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RRSS 29th March 2012 04:52 PM

Potentiometer as a volume control
 
Hi,
Im new to the forum and fairly new to audio electronics.
I am in need of some help, I have built a dub sound system with a mate of mine and am now in the process of making a rack mounted volume control to control the level of the bass without having to adjust the two volume channels on the power amp.
We run everything in mono.
The volume wheel I am making is to be placed in-between the limiter/crossover and amp. I have a left and right channel I need to put into it, so I was thinking with it being in mono just attaching the +L input to +R and L to R, leaving two inputs I need to send to the pot, (and obviously the same for the output.)
Could someone please tell me the best way to wire the pot?
(I think I have looked into it too much and all the different ways of wiring them have just been moulded together in my mind.)
I understand as much as point 1 on the pot is ground, 2 out and 3 in, but what does one do when there are two poles to send into it and out of it??

Any help would be greatly appreciated!!

Joe

Chris Daly 29th March 2012 05:26 PM

Quote:

Originally Posted by RRSS (Post 2964995)
Hi,
I’m new to the forum and fairly new to audio electronics.
I am in need of some help, I have built a dub sound system with a mate of mine and am now in the process of making a rack mounted volume control to control the level of the bass without having to adjust the two volume channels on the power amp.
We run everything in mono.
The volume wheel I am making is to be placed in-between the limiter/crossover and amp. I have a left and right channel I need to put into it, so I was thinking with it being in mono just attaching the +L input to +R and –L to –R, leaving two inputs I need to send to the pot, (and obviously the same for the output.)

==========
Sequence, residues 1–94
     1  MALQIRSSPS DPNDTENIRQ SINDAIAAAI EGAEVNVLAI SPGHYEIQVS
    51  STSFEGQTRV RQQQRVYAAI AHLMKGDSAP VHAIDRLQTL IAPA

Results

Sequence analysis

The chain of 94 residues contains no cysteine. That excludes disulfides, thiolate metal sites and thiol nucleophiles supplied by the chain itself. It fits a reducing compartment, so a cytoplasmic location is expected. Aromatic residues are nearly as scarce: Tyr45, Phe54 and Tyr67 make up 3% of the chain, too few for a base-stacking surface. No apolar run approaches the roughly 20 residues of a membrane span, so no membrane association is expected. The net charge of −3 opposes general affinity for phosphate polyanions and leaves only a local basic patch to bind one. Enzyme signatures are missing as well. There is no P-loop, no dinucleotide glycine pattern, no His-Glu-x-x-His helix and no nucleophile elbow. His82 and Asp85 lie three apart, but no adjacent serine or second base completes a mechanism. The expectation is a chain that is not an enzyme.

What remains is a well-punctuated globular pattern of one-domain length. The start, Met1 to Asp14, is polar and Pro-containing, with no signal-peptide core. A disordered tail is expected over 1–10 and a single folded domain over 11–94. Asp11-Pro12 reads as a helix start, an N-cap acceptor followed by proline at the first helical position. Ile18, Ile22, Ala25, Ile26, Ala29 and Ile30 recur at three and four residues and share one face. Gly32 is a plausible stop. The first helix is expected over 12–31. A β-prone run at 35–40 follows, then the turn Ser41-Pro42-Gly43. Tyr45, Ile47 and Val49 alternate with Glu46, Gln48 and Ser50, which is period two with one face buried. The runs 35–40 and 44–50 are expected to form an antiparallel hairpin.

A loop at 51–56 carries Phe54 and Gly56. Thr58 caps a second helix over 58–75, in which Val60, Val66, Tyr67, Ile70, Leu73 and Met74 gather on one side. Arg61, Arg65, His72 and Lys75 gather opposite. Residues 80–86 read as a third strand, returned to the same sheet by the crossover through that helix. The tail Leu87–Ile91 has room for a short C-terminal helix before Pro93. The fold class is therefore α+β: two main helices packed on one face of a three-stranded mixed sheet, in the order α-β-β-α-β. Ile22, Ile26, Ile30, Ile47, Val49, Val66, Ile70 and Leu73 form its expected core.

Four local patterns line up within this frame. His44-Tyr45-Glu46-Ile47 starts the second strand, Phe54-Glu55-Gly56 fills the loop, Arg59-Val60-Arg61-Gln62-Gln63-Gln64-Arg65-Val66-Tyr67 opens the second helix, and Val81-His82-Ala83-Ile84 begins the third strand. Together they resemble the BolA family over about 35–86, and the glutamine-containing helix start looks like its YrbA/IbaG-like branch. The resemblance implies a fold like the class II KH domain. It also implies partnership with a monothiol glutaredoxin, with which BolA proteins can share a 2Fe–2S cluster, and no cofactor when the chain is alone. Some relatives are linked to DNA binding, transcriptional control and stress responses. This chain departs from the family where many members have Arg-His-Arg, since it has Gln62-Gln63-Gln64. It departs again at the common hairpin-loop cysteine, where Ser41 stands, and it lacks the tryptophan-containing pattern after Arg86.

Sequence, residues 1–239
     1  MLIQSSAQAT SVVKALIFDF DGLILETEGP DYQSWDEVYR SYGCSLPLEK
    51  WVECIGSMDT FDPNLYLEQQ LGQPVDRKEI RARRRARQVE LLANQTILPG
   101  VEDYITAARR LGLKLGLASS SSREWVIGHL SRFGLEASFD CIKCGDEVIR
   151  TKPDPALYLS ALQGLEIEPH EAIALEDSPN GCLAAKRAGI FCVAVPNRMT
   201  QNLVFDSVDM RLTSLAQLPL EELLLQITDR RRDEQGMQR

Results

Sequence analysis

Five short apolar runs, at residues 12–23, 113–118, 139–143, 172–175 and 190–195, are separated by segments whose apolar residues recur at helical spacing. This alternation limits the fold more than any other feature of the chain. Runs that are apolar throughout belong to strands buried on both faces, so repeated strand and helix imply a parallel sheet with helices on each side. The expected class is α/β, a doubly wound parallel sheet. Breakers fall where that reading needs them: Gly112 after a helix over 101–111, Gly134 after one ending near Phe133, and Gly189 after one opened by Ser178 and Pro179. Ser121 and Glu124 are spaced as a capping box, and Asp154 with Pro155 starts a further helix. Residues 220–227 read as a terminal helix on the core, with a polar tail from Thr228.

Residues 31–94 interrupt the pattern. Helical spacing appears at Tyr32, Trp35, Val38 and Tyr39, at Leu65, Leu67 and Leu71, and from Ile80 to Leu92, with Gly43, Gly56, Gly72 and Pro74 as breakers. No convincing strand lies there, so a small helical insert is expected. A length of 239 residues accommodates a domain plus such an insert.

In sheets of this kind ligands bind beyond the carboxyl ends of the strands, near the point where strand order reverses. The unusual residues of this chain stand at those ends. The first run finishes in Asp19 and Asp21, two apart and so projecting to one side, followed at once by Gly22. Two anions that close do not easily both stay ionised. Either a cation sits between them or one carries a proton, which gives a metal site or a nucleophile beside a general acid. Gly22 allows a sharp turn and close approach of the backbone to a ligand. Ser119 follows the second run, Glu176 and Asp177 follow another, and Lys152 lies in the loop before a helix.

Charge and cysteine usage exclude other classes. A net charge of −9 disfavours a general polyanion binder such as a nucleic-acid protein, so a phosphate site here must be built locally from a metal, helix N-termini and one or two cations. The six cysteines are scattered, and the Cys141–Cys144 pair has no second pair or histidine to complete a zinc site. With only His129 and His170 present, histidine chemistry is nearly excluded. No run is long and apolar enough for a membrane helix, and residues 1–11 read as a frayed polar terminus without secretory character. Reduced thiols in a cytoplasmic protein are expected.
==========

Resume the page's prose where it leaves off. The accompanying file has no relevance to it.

Could someone please tell me the best way to wire the pot?
(I think I have looked into it too much and all the different ways of wiring them have just been moulded together in my mind.)
I understand as much as point 1 on the pot is ground, 2 out and 3 in, but what does one do when there are two poles to send into it and out of it??

Any help would be greatly appreciated!!

Joe

Hi Joe
The traditional circuit is for attenuation ( reduction in volume ) is called an L pad which is a voltage divider. As one wiper traverses in one direction the other does the opposite. We call the two parts of an L pad , one is Series ie that resistance that connects the source via variable resistance to a summing point, from that summing point which is the output, the next part is called Shunt that varies resistance as well before it goes to ground, the two poles are likely to be there to assist this direction change.

If you have access to a multimeter you can measure the way each connection is going with switching your meter to Ohms. If we join the wiper the central connector (2) to 1 and observe the resistance change on 3, we have the pot working to suit in one direction. So the other needs to be (2) and 3 joined and the connection on 1 gives us resistance but heading in the opposite direction.... just what we need for an L pad.

See:Uneeda Audio - Build your own attenuator pads